Does Participation in the ACS-NSQIP Improve Outcomes?
In their recent analysis of the American College of Surgeons National Surgical Quality Improvement Program (ACS-NSQIP), Cohen et al1 conclude that participation in the ACS-NSQIP is associated with improved outcomes over time. We have significant concerns that these data should not be used to infer a causal relationship between participation in the ACS-NSQIP and improved outcomes over time, as their analysis did not include a comparison group and, therefore, did not control for secular trends over time.
Cohen et al1 present data from hospitals participating in the ACS-NSQIP between 2006 and 2013. In their analysis, they rely on hierarchical models to show a statistically significant improvement in outcomes of mortality, morbidity, and SSI within these hospitals. There is, however, the very real possibility that similar improvements occurred during the same period within hospitals that were not participating in the ACS-NSQIP.
An analysis of data within the article by Cohen et al1 illustrates this possibility. Cohen et al, in Table 1 of their article, report annual mortality and morbidity rates of hospitals, stratified by year of entry into the ACS-NSQIP (as shown in their Table 1). Shown below in Figure 1 are the adverse event rates for hospitals during the first year of their participation in ACS-NSQIP. This figure demonstrates improvements over time, even in hospitals that had not previously participated in the ACS-NSQIP.
To draw appropriate inferences regarding the association between hospital-based ACS-NSQIP participation and improvements in surgical outcomes, consideration has to be made for improvements over time within the universe of non-ACS-NSQIP hospitals. Two recent articles conducted this type of analysis (difference-in-differences) on the basis of data within 2 distinct sources—Medicare and the University HealthSystem Consortium.2,3 In both of these analyses, there was no association between hospital-based participation in the ACS-NSQIP and improvements in postoperative outcomes over time.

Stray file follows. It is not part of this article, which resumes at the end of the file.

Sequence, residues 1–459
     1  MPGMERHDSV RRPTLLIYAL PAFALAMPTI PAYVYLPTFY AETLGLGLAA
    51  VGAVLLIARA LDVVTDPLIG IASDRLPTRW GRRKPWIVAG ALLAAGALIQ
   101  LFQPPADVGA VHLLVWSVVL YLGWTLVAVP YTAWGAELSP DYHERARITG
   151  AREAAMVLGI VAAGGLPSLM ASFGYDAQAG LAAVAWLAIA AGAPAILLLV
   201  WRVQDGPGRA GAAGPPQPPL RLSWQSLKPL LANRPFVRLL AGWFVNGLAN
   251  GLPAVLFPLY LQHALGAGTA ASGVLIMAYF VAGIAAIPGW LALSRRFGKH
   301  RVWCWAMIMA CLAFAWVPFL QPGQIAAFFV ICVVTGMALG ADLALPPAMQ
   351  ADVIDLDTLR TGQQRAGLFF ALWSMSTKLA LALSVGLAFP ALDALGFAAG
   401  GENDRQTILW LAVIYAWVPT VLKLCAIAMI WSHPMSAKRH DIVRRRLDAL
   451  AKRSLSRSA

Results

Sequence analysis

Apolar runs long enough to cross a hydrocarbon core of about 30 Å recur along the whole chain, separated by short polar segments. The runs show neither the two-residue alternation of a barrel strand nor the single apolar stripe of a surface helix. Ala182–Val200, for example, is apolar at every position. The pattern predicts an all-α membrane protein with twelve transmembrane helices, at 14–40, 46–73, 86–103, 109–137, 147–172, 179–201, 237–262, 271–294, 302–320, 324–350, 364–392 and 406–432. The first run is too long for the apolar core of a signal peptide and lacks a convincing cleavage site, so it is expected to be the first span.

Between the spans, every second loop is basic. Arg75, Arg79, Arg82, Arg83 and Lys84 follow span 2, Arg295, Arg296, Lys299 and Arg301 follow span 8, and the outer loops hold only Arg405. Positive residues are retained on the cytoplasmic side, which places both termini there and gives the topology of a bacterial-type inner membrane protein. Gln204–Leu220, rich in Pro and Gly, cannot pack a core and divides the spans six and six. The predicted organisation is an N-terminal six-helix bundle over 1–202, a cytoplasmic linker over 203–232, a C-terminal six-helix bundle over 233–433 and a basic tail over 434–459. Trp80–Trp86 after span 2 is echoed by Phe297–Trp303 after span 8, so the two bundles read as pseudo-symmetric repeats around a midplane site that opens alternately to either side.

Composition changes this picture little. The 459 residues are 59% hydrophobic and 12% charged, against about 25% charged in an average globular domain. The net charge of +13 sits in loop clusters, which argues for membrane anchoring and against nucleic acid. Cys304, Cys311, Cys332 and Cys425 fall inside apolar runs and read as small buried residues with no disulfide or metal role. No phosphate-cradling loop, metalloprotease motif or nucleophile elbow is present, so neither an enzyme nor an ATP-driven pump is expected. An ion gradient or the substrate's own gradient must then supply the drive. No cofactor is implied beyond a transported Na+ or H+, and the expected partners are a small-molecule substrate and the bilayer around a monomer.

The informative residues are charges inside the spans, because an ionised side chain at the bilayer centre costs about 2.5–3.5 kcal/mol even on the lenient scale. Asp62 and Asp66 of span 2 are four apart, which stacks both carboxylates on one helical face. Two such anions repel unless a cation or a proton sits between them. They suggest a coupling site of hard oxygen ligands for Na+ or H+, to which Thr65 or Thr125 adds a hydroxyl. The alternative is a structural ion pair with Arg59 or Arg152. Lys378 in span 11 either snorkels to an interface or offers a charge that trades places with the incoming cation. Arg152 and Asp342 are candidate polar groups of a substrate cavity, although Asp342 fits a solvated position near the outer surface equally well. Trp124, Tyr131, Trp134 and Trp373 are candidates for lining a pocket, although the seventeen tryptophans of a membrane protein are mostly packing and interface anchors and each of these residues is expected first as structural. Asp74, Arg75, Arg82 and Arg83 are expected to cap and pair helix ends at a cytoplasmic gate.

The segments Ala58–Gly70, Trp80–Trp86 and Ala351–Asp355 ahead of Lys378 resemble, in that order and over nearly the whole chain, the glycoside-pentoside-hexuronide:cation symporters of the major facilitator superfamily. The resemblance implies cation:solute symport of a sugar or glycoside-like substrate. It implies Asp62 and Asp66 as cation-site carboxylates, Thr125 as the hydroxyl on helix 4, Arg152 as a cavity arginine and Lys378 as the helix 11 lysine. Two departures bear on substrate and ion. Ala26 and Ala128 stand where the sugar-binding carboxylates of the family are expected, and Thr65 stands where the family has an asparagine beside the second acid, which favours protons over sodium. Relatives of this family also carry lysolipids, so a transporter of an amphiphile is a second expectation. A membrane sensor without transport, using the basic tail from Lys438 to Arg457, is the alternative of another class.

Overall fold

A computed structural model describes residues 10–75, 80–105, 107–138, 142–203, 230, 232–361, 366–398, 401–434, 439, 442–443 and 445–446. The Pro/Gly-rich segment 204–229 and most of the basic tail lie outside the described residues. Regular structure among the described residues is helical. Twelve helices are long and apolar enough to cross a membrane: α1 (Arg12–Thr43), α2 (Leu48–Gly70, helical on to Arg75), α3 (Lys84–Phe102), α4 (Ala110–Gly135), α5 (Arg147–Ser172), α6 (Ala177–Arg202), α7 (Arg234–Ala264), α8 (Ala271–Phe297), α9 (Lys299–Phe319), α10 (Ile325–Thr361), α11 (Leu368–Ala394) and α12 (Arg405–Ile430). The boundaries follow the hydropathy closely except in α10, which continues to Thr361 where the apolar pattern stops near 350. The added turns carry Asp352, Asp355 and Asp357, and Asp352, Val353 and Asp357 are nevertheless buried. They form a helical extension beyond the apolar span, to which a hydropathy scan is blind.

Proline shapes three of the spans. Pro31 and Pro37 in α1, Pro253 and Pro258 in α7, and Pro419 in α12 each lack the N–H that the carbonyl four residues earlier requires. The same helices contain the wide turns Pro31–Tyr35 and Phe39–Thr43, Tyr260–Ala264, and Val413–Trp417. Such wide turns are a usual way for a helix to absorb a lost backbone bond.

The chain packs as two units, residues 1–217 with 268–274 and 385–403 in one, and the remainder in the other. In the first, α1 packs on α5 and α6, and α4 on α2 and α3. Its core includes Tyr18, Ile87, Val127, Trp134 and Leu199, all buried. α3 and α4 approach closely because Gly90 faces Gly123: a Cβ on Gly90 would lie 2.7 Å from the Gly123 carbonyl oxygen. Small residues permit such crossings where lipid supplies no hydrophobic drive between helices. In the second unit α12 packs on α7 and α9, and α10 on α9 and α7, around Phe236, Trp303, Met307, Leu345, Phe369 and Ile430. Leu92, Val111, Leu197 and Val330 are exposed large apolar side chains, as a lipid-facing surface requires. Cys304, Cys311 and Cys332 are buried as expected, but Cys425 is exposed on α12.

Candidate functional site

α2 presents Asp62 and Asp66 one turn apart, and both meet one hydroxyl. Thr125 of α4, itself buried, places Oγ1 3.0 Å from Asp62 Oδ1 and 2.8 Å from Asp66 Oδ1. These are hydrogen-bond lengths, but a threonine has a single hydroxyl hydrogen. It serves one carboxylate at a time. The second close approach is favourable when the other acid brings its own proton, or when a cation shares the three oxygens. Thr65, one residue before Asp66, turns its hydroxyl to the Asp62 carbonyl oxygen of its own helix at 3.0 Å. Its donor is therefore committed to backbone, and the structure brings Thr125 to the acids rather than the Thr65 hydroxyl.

The authors do acknowledge this flaw in their study design, stating that a lack of control group exists with equivalent robust data. Despite this acknowledgment, the authors continue to state that their study (and previous studies) leads them to believe that “participation in ACS-NSQIP improves quality to a greater extent than secular trend (or is a critical component of observed trends).” They proceed to estimate that a large hospital participating in the ACS-NSQIP will avoid as many as 14 deaths and 300 complications over 5 years of participation. The implication is that non-ACS-NSQIP hospitals will not observe these same improvements. However, without a comparison group, it seems impossible to estimate the number of lives saved and complications avoided from participation alone.
The ACS-NSQIP should be applauded for continuing to encourage the measurement of surgical outcomes. Participation in a quality measurement platform is, however, only 1 part of a comprehensive approach to quality improvement. For real quality improvement to take place, outcomes data need to be used to guide changes in practice. Across the country, hospitals are engaged in a broad range of quality improvement efforts, and as a result, rates of adverse surgical outcomes are improving steadily over time. We caution against a conclusion that participation in the ACS-NSQIP is directly responsible for a degree of improvement in outcomes that is greater than this national trend.